Science Club | Biomaterials and Bioinks in 3D Printing for Hard Tissue Regeneration

Learn more about this timely collaboration between Swiss and Korean researchers to explore regenerative medicine through the 3D biofabrication and biomaterials.

This month's speakers

“Biomaterials and Bioinks in 3D Printing for Hard Tissue Regeneration”

Abstract: Oral and maxillofacial bone defects caused by trauma, tumors, and malformations are commonly presented for treatment in clinical scenarios. Such defects can cause physiological and psychological afflictions to patients. With the complexities underlying bone defects, bone architectures, and unique functions associated with affected bones, available effective reconstructive possibilities remain elusive and challenging to develop for clinically based treatments. Ultimately, oral and maxillofacial bone reconstruction goals include imitating and reconstructing original anatomical features, and providing desirable long-term function and aesthetic. the development of materials and fabrication process.

In this respect, three-dimensional (3D) printing customized and biofunctional components (e.g. extracellular matrix (ECM), cells and growth factors) for creating bio-active scaffolds is a promising approach for tissue regeneration. The challenge in 3D printing for regenerative medicine is the selection of biomaterials and their formulation which must not only generate a cell-friendly environment but also meet the requirements for biomechanical property and printability. For example, the ECM of bone tissue consists of organic collagen and inorganic bone mineral hierarchically organized across multiple length scales. Various biomaterials have been explored as a synthetic bone substitute. However, most strategies have focused primarily on the use of biomaterials mimicking the chemical composition of bone and considering its structural performance. Great challenges remain in the complex construct, lack of biological activity, unmanaged pore characteristics, and poor mechanical properties. Therefore, the design and fabrication of biocompatible and biodegradable living substitute with stem cells mimicking the complex architecture of native tissue remain a critical challenge.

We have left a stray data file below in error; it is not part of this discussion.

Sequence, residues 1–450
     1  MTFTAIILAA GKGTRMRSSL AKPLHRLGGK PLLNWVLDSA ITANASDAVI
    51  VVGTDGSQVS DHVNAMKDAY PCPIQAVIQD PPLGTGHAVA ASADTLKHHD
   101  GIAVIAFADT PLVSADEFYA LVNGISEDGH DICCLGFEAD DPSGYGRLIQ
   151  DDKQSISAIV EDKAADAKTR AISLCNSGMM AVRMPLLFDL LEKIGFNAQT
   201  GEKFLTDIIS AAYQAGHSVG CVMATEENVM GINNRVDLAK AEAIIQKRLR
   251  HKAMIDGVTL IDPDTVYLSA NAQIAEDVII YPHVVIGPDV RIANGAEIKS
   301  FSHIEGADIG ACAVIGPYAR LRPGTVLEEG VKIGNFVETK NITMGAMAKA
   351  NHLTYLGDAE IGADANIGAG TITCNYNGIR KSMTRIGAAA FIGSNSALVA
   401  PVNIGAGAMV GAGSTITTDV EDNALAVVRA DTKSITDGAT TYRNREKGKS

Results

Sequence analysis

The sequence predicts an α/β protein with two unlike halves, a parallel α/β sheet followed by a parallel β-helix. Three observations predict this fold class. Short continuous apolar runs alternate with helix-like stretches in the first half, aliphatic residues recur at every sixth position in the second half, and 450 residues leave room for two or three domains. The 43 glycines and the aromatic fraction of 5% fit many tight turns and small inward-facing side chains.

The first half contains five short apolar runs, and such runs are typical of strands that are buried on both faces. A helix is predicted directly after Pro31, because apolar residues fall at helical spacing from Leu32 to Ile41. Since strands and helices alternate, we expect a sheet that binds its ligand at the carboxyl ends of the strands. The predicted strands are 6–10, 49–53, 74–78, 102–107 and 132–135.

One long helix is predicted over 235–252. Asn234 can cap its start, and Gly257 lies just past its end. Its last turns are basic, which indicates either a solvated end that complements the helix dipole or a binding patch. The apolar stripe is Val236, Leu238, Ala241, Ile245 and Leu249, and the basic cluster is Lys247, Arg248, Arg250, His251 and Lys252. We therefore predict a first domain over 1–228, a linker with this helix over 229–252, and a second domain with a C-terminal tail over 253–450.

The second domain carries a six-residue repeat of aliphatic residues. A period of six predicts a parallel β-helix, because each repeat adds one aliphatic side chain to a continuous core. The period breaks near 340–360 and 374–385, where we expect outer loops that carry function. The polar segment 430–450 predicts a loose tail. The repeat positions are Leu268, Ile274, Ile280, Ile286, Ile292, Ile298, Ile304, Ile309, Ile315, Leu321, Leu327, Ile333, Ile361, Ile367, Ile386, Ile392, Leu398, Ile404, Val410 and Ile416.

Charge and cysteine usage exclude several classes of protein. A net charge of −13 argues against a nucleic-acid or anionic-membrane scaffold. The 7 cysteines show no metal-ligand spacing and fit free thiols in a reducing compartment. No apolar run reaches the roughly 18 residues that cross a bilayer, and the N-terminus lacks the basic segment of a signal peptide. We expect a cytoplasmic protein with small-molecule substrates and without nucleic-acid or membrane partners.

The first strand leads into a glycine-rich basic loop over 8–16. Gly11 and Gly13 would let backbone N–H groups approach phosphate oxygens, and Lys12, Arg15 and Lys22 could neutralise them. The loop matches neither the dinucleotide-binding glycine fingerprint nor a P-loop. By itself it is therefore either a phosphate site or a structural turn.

The Medical Additive Manufacturing (MAM) research group in University Hospital Basel is composed of experienced clinicians and researchers with 3D printing technology, we mainly focus on developing biomaterials which are suitable for 3D printing in oral and maxillofacial reconstruction. In particular, we propose to use the 3D biofabrication technology and innovative bio-inks with stem cells developed by Korean partners to achieve personalized and bioactive scaffold. As our first collaboration outcome, we 3D printed polymer composite and tricalcium phosphate as the bone repair scaffold and loaded with human dental pulp stem cells. In this way, we expect to create a living scaffold to promote osteogenic differentiation.

The goal of this in-depth collaboration is to initiate a long-term partnership on research and development of advanced solutions for regenerative medicine through the 3D biofabrication and biomaterials and to fabricate patient-specific artificial substitutes. We anticipate that the further outcomes of this project will be converted into commercial medical products and offer new possibilities for daily clinical treatments in the future.